There's a street map of Lower Manhattan on the front curtain, but we can be more specific than that - Christopher Street, Greenwich Village - and as the overture strikes up it's the timeless spirit and wacky incongruity of the place that flips the director and designer Antony McDonald into instant overdrive.
Ballet dancers strike poses totally at odds with Bernstein's swingtime score; beatniks and leather boys rub shoulders across decades of social defiance; gay's the word, and we're not talking tourist attire. We're a long way from Columbus, Ohio.
And rural Hampshire. Grange Park Opera again tackle an American musical as part of their summer season - and again their good intentions (that this is repertoire we should take seriously) fall short. The band is great, the style (under Richard Balcombe) is on the money, the energy is all there. But why is it that we Brits can never get the pacing right? If there's one thing Broadway musicals need, it's timing. The dialogue needs to go lickety-split. You can't afford to catch your breath in a show like this.
McDonald is a more inventive designer than he is a director. His witty set uses the idea that in New York City, the only way to look is up. He can be surreally emblematic: a giant cockroach characterises Ruth and Eileen's squalid apartment, and a big apple (literally) swivels to reveal the maggot in its core.
But these shows need verbal wit more than visual wit. They need precision, too. The big Act I one finale - "Conga!" - was frankly a mess. Philippe Giradeau's choreography looked and felt random.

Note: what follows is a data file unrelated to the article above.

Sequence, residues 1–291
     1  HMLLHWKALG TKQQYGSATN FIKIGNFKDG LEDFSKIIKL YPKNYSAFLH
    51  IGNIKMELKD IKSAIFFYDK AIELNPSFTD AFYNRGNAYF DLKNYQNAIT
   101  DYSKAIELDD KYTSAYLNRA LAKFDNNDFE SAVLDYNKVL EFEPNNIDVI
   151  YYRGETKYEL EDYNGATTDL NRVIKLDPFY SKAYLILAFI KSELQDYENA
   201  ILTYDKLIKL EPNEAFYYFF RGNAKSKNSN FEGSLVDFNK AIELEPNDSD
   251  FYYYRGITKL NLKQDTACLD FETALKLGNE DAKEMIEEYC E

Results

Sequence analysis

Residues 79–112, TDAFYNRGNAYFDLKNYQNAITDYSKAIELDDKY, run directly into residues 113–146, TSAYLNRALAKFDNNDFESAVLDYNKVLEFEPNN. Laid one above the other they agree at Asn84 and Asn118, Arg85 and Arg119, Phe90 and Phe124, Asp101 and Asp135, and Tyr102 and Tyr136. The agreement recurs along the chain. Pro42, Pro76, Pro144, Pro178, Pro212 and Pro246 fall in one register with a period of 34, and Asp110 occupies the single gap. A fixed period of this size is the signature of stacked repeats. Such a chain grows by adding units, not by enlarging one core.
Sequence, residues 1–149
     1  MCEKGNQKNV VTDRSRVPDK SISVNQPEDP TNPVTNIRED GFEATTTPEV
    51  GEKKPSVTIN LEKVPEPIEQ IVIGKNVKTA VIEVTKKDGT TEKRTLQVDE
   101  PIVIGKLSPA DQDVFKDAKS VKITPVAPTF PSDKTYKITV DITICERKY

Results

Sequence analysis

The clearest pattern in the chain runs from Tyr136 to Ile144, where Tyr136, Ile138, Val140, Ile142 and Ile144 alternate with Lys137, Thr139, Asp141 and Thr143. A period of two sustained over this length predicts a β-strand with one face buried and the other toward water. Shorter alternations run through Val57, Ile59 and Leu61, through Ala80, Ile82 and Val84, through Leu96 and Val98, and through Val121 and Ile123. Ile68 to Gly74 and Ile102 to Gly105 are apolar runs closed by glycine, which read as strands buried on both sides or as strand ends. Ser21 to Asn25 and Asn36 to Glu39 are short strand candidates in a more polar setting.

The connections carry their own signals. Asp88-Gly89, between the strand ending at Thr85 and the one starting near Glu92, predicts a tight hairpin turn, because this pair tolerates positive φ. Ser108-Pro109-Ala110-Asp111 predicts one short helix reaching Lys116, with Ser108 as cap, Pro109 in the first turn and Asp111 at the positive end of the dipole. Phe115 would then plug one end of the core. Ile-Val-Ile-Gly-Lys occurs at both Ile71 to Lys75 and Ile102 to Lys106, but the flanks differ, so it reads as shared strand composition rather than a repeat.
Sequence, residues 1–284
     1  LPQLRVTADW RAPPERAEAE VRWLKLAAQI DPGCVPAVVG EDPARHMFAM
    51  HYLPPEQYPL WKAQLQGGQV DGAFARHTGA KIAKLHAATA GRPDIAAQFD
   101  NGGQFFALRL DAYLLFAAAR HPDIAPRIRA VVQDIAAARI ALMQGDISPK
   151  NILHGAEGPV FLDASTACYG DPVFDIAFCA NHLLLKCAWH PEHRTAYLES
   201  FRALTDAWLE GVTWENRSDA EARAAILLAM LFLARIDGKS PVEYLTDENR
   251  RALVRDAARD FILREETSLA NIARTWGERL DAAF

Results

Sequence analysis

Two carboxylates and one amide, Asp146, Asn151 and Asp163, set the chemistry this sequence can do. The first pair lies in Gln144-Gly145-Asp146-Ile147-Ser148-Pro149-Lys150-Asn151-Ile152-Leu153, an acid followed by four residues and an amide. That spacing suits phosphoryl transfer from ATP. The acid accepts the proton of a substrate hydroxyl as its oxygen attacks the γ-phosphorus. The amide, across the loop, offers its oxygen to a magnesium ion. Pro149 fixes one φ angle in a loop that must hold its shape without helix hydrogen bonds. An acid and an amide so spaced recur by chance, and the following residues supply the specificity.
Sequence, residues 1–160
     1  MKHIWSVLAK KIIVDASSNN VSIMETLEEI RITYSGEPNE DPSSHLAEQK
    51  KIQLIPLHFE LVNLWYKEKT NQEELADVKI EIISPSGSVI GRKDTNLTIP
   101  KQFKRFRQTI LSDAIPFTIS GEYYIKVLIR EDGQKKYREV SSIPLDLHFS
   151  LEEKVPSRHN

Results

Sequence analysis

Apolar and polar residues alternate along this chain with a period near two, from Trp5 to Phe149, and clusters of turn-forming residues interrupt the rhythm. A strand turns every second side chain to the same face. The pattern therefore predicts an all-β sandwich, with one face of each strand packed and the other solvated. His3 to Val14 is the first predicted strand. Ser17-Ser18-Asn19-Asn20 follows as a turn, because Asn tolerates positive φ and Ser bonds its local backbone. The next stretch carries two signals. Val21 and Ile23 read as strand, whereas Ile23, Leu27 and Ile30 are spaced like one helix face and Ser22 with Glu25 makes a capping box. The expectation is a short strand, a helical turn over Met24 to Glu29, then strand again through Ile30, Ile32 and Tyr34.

The cast? In some respects it tried too hard for too little. Mary King in the Rosalind Russell role of Ruth Sherwood, the hard-bitten writer, wanted laughs so much she almost didn't get them. Her fail-safe number "100 Easy Ways" (to lose a man) was played like she'd gone over every funny line with a highlighter. This stuff should be effortless.
Sophie Daneman as Eileen Sherwood sang effortlessly, charmingly, and with a fine sense of the style, but I'm not sure the Marilyn Monroe allusion helped.
What we needed more of was the kind of authenticity Derek Hagen found for the role of the clean-cut, poleaxingly boring drugstore manager Frank Lippencott - or, better yet, the suave assurance Graham Bickley brought to Bob Baker and his big number, "A Quiet Girl".
Bernstein, Betty Comden and Adolph Green wrote their delicious score in five weeks flat. It's this urgency and firecracking vitality they need to find down at Grange Park.
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